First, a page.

Saturday, 5 May 2012


There are so many things to think about during your pregnancy, so many things to plan, to decide, to buy. What to eat, what to avoid, which tests to have, whether to have ultrasound scans, where you want to give birth, what kind of pain relief you would like, who you would like around you at the birth....Indeed if you have been trying for some time to conceive a baby there are many things to consider around conception too.; your diet, tracking your cycle, pre-natal vitamins, exercise.

I considered many topics for my first blog post – Breastfeeding, Skin-to-Skin, Cord Clamping, but my heart kept coming back to one simple thing – Connection.

You may, or may not, have a lot of professional input in your pregnancy – doctors, midwives, maybe a Doula. No matter what “the professionals” can tell you about your pregnancy, no-one knows your baby and your body better than YOU.

There are three connections I would love to discuss with you:
- Connection with your baby;
- Connection with yourself;
- Connection with your instincts as a mother.

Connection with your baby

Connecting with your baby starts when you become pregnant. Your baby awaiting birth is physically, emotionally, and spiritually connected to its mother, its source of life. It’s more than the overwhelming love you feel the first time you hear their heartbeat, the first time you feel them kick, it’s knowing that you truly feel your child, you understand them, you intuitively know their needs.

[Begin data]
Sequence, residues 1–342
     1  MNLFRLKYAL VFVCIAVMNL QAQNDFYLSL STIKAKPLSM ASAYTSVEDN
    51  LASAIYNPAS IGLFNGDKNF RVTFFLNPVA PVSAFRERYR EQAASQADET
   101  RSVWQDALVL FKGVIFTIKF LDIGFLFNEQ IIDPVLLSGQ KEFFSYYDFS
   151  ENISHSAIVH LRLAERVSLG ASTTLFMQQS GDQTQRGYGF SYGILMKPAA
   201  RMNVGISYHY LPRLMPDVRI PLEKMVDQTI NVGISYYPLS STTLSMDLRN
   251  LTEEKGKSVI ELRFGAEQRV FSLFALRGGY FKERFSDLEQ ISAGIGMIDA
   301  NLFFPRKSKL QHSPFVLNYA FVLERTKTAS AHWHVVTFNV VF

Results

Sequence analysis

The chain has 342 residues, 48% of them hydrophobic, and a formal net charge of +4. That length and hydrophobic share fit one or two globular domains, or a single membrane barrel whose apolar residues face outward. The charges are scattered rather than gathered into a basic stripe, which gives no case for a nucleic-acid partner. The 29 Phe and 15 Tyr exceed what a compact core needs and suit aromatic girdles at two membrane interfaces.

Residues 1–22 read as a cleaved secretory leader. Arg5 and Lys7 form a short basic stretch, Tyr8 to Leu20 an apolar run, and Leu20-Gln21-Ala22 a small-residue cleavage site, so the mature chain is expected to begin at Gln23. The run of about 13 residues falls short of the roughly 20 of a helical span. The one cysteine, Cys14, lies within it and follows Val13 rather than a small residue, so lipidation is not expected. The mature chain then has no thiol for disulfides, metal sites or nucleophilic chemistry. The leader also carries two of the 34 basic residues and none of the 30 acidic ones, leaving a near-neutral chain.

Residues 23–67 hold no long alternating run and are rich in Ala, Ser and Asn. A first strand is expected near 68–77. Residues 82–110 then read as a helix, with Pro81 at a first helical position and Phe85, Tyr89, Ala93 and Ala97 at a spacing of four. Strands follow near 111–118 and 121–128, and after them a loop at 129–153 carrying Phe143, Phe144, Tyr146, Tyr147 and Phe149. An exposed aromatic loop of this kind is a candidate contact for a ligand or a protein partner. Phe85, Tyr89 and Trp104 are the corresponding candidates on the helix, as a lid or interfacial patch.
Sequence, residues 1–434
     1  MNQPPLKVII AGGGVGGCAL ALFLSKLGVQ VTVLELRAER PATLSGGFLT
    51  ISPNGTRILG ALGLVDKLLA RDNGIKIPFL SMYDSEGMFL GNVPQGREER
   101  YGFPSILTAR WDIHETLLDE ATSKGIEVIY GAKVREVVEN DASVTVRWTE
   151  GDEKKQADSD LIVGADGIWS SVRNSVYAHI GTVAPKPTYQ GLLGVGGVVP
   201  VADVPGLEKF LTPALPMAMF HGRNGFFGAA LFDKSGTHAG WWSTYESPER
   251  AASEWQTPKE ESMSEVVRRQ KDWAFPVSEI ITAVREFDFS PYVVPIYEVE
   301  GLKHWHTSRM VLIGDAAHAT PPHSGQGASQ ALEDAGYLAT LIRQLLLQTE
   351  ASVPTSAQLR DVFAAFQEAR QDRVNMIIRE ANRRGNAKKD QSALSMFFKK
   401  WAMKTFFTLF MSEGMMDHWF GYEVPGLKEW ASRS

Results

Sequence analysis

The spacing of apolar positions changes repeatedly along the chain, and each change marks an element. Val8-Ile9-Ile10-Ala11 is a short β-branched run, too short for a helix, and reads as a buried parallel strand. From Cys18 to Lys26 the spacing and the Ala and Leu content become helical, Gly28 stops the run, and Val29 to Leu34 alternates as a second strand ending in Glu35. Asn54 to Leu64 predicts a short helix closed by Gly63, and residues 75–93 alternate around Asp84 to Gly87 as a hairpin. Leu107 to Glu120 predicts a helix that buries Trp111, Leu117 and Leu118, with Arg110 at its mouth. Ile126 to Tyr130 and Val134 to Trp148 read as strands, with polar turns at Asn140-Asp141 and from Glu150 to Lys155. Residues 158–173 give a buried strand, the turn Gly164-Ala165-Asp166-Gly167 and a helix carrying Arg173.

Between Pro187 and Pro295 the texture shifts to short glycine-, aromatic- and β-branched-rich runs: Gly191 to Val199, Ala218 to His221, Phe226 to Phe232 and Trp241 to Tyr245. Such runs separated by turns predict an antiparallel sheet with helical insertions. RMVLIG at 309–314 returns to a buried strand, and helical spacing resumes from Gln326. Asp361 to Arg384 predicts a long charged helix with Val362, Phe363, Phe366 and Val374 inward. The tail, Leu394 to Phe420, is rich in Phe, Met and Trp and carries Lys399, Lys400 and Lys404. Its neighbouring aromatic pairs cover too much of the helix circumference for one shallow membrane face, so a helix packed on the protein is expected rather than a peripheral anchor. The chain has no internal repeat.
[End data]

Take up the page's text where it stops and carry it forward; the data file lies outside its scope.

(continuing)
Parents are somehow expected to know what to do and when do it. That “somehow” is your instincts. Sadly, for some mothers and families that is not always the case. They are so bogged down with the “advice” and information thrown at them by everyone else, they’ve forgotten to connect with their baby and follow their instincts. 

Finding the emotional connection with your baby should be one of the most important aspects of parenting. Creating a relationship based on love, security and bonding is not only vital to the wellbeing of your child, but will aid you endlessly in your first few months of caring for your baby.

Children that are positively emotionally connected to their parents develop a positive sense of trust, a sense of self, and a feeling of security. That feeling of security leads to a calmer, peaceful baby in the first few weeks and a less stressed out Mum. It doesn’t mean your baby will never cry or be in pain, but having that connection there means baby knows Mummy loves them and will take care of them, they won’t have to cry forever. Holding them close to you, carrying them in a sling – close to your warmth and your heartbeat just as they were in the womb, helps to maintain their sense of security and connection to you.

When your baby is still in the womb, still growing, take time to develop that connection. Talk to them – evidence shows your baby can start to hear sounds as early as 16 weeks. Your voice can be soothing to your baby. Spend time with them – that may sound silly, you are carrying them around in your womb 24/7 – but take some time, put your feet up and truly focus on your child(ren), put your favourite music on and enjoy sharing some one-on-one time with your baby.